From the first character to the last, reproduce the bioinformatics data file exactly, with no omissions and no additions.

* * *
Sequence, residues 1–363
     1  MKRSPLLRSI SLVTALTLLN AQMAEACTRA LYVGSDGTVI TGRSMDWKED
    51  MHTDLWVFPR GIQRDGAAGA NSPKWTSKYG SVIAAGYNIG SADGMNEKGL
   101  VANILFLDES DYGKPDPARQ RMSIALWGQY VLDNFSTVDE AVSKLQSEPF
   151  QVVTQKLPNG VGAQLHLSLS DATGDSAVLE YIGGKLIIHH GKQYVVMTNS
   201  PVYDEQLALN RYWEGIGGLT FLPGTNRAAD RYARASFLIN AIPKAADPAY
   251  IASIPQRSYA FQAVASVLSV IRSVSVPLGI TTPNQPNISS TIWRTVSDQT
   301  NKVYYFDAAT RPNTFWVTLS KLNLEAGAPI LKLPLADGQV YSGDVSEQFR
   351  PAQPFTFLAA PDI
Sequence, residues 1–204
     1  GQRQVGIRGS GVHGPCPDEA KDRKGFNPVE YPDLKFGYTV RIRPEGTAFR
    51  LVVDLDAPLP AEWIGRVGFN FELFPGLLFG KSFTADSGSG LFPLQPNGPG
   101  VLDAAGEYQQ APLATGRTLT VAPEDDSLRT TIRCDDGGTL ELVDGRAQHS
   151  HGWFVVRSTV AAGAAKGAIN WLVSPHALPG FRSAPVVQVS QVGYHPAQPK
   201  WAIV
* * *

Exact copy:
Sequence, residues 1–363
     1  MKRSPLLRSI SLVTALTLLN AQMAEACTRA LYVGSDGTVI TGRSMDWKED
    51  MHTDLWVFPR GIQRDGAAGA NSPKWTSKYG SVIAAGYNIG SADGMNEKGL
   101  VANILFLDES DYGKPDPARQ RMSIALWGQY VLDNFSTVDE AVSKLQSEPF
   151  QVVTQKLPNG VGAQLHLSLS DATGDSAVLE YIGGKLIIHH GKQYVVMTNS
   201  PVYDEQLALN RYWEGIGGLT FLPGTNRAAD RYARASFLIN AIPKAADPAY
   251  IASIPQRSYA FQAVASVLSV IRSVSVPLGI TTPNQPNISS TIWRTVSDQT
   301  NKVYYFDAAT RPNTFWVTLS KLNLEAGAPI LKLPLADGQV YSGDVSEQFR
   351  PAQPFTFLAA PDI
Sequence, residues 1–204
     1  GQRQVGIRGS GVHGPCPDEA KDRKGFNPVE YPDLKFGYTV RIRPEGTAFR
    51  LVVDLDAPLP AEWIGRVGFN FELFPGLLFG KSFTADSGSG LFPLQPNGPG
   101  VLDAAGEYQQ APLATGRTLT VAPEDDSLRT TIRCDDGGTL ELVDGRAQHS
   151  HGWFVVRSTV AAGAAKGAIN WLVSPHALPG FRSAPVVQVS QVGYHPAQPK
   201  WAIV